Are you sure about HPS activating at 1/4-sec. shutter speed? My D7000 (at original firmware version) doesn't use HPS until exposure time reaches 1 sec., which is the same threshold as the D3x.

I missed seeing the headroom part of the algorithm in your posts. -- Maybe Nikon wants the more aggressive straight clip for general noise reduction. I strongly feel that Nikon should make it a user controlled option something like 'Long exp Noise Clipping'.

My D7000 (6073683) says firmware A 1.01 B 1.01 L 1.002.
from 1/4 sec on it does clipping, and it cannot be intercepted in "mode 3"
(Long exp NR on , time 10s up, power off during 'job nr' blinking)

Below is other evidence that a set of 16 is used in clipping. For the full set (-border 3) of 16 M pixels I (my little program) checked if a pixel value is topped in its neighborhood, if yes disregard, else if it is solitary increase count at center of matrix. If there is an equal value increase the count at the corresponding relative position in the matrix. The result for 1/4 s shows 0 at center (its never top alone) and the pattern shows the 16 sites used for clipping (+ some accidentally equals at the other sites).

A riddle about the sensor properties shows up in the numbers below:

Why are the two top value pixels particularly frequently vertical neighbors in the Bayer square rg/gb ? This little mystery also shows up in the frequency of accidental equals at 1/5 sec.

dsc_0310.nef evidence that clipping was active: 0 solitary top values
ISO2 : 6400
Exposure Time : 1/4
threshold for analysis 180 :
counts for top equaled in neighborhood
counts for solitary top value at center
r1
1 0 2 2 2 1 4
0 156 4 173 2 169 2
4 4 179 98 198 5 1
2 168 133 0 126 168 2
3 4 165 1046 179 1 3
1 172 3 176 2 156 0
0 4 1 0 3 4 1
g2
1 1 1 3 0 0 0
0 92 2 94 3 68 1
1 5 56 146 86 1 0
2 104 126 0 133 104 2
0 3 91 1162 76 5 0
2 71 2 94 5 92 0
1 2 4 2 1 3 1
g3
1 4 1 0 4 4 1
1 68 4 55 4 67 0
0 1 75 1040 92 4 0
2 63 106 0 80 63 1
0 5 86 99 56 4 1
0 68 2 56 2 68 2
0 1 0 2 1 0 1
b4
1 3 3 2 1 2 0
2 180 2 202 2 190 0
3 5 179 1159 163 3 3
1 181 80 0 106 179 2
1 1 198 146 180 5 4
0 192 4 202 4 181 1
4 0 2 3 2 1 1

dsc_0311.nef evidence of no clipping: lots of solitary top values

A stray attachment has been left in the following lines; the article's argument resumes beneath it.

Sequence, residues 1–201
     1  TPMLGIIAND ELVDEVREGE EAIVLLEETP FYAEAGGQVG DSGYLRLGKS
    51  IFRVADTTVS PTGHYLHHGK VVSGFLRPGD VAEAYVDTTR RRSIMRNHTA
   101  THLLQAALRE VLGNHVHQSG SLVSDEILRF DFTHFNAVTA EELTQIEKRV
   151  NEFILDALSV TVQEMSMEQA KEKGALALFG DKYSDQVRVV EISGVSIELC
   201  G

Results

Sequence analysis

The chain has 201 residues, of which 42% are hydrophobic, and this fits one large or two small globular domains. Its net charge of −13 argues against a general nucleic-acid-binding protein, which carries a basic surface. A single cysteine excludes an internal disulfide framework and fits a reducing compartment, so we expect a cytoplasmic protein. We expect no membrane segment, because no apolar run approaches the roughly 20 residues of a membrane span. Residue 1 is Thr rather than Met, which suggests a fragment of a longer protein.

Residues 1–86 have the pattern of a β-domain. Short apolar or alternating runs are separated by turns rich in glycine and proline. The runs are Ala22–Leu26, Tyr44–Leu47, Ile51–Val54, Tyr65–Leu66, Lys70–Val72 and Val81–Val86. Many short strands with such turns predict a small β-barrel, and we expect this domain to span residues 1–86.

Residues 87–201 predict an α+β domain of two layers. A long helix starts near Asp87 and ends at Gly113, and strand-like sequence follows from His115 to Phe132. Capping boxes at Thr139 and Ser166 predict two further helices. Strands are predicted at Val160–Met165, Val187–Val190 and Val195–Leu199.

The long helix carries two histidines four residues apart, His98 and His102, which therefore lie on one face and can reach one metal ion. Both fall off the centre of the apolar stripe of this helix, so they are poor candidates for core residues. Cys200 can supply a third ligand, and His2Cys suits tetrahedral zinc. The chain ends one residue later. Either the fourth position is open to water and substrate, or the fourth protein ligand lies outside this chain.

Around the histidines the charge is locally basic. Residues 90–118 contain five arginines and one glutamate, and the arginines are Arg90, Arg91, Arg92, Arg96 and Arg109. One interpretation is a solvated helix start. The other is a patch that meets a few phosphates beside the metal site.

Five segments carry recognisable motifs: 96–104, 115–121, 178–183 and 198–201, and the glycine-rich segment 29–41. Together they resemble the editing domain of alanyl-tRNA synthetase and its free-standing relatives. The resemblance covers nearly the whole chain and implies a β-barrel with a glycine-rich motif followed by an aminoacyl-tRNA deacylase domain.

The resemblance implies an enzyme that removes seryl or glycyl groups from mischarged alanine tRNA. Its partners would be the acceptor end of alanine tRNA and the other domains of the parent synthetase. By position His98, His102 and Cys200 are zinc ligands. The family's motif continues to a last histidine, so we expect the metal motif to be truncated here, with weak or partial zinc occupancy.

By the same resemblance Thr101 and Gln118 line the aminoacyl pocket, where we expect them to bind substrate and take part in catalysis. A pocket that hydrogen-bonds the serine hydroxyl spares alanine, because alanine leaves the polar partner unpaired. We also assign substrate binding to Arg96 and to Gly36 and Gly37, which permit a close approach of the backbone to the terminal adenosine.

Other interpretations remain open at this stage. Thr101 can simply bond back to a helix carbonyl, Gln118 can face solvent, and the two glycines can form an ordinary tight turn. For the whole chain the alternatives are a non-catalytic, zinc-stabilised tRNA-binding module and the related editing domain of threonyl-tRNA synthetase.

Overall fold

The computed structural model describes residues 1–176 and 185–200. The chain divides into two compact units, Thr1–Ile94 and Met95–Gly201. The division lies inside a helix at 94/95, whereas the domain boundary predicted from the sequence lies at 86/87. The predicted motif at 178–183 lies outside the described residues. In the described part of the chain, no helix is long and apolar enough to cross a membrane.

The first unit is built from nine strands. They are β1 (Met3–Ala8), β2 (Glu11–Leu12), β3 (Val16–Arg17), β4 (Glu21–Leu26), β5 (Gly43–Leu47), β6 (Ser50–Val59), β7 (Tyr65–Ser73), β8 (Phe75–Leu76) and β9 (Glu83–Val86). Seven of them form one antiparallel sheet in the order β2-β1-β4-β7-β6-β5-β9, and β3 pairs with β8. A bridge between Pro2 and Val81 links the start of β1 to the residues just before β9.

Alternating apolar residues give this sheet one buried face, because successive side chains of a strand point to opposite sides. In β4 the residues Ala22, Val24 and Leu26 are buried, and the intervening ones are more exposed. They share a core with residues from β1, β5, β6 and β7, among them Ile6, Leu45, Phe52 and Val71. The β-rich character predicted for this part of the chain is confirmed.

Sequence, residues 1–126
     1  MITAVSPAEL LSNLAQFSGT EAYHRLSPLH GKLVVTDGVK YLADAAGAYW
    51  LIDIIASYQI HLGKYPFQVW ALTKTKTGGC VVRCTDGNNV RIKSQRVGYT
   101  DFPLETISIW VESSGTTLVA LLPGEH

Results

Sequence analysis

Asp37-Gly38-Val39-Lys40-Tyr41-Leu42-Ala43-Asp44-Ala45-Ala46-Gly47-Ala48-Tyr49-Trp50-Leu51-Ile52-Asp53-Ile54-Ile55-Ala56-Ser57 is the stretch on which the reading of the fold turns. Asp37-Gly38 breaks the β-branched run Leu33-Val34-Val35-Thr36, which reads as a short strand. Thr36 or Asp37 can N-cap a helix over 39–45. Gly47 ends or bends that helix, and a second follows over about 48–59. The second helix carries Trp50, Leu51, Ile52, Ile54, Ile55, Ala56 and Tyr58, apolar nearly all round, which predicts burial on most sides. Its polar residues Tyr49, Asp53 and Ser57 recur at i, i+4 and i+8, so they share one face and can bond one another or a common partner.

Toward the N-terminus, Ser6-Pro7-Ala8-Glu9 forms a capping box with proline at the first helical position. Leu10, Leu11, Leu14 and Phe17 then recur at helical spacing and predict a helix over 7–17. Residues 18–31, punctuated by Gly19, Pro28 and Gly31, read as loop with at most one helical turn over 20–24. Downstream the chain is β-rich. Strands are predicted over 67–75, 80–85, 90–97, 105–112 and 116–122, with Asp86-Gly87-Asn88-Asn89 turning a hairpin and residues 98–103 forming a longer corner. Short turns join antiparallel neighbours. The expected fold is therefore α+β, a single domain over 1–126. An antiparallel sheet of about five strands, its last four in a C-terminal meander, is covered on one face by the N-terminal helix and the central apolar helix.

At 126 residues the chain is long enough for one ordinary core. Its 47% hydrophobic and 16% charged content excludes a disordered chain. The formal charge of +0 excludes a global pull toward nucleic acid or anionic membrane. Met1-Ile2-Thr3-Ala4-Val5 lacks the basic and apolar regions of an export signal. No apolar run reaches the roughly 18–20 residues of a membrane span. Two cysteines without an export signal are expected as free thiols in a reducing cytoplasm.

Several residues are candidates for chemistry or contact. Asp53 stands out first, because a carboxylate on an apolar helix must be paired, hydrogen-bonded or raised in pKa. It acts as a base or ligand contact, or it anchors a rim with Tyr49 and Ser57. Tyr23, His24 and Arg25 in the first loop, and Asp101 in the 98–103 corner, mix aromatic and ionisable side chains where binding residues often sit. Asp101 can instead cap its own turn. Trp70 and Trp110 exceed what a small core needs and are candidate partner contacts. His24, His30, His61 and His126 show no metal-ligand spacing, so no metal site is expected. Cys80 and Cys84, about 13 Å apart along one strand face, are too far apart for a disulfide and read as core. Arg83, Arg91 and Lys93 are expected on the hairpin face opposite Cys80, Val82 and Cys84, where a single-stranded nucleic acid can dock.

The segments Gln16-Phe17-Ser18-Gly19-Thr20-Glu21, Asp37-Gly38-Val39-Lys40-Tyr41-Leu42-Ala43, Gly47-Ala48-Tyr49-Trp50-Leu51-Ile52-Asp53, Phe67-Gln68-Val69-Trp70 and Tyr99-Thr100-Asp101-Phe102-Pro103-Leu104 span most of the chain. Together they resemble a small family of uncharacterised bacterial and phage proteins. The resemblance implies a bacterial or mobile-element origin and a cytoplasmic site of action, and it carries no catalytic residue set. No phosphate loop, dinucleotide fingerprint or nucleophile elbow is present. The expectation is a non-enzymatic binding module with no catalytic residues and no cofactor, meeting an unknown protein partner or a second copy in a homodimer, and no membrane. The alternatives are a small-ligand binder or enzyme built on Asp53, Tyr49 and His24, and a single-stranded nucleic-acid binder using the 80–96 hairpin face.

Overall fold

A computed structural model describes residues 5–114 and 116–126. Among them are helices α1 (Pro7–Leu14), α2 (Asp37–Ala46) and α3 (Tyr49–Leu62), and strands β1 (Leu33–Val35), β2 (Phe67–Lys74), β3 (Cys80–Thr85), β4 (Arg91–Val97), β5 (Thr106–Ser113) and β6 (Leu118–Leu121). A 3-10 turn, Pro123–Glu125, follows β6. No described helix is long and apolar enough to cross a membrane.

ISO2 : 6400
Exposure Time : 1/5
threshold for analysis 200
counts for top equaled in neighborhood
counts for solitary top value at center
r1
1 1 3 3 5 2 4
2 3 4 4 2 3 2
6 1 8 1 3 0 8
1 5 2 15260 0 5 0
4 2 0 37 3 4 8
3 3 2 4 2 3 3
7 2 2 3 4 1 5
g2
6 4 2 3 4 2 2
3 0 3 1 2 2 3
0 4 3 3 0 1 1
0 1 0 12036 2 2 1
4 1 2 28 2 3 2
2 2 2 1 3 0 1
0 3 2 3 1 5 3
g3
3 1 1 3 2 2 0
5 1 2 3 2 0 3
3 4 2 37 3 2 2
5 0 1 9932 5 0 2
1 0 0 1 3 1 0
5 0 4 3 4 0 1
2 2 4 3 2 3 5
b4
5 3 3 3 2 2 7
1 11 5 3 4 4 2
6 3 2 28 0 1 3
2 3 4 16307 1 3 5
8 2 3 3 6 4 6
3 4 2 3 2 12 5
4 1 5 3 3 3 1

OP Marianne Oelund Veteran Member • Posts: 7,779
Interesting presentation

Bernard Delley wrote:

I missed seeing the headroom part of the algorithm in your posts.

I didn't disclose alll of the features in my posts; some details were reserved for Nikon only.

-- hide signature --

Maybe Nikon wants the more aggressive straight clip for general noise reduction.

I certainly hope that was not their intent - NR applied to raw data is the last thing we want.

I strongly feel that Nikon should make it a user controlled option something like 'Long exp Noise Clipping'.

You're in good company. Unfortunately, it isn't strong enough company to sway Nikon's decisions - yet.

My D7000 (6073683) says firmware A 1.01 B 1.01 L 1.002.
from 1/4 sec on it does clipping, and it cannot be intercepted in "mode 3"
(Long exp NR on , time 10s up, power off during 'job nr' blinking)

Firmware is the difference, then. I have the original firmware and there is no HPS until 1-sec. exposure time.

Below is other evidence that a set of 16 is used in clipping. For the full set (-border 3) of 16 M pixels I (my little program) checked if a pixel value is topped in its neighborhood, if yes disregard, else if it is solitary increase count at center of matrix. If there is an equal value increase the count at the corresponding relative position in the matrix. The result for 1/4 s shows 0 at center (its never top alone) and the pattern shows the 16 sites used for clipping (+ some accidentally equals at the other sites).

That's a nice way to present the data (after a little re-formatting, of course - I wish DPR would give us some table capability!). Sometimes I resort to using a .gif image instead of text, for arrays of numbers in posts.

A riddle about the sensor properties shows up in the numbers below:

Why are the two top value pixels particularly frequently vertical neighbors in the Bayer square rg/gb ? This little mystery also shows up in the frequency of accidental equals at 1/5 sec.

Clearly, there is some electrical coupling between pairs of rows, which may or may not be intentional in the design (I suspect not).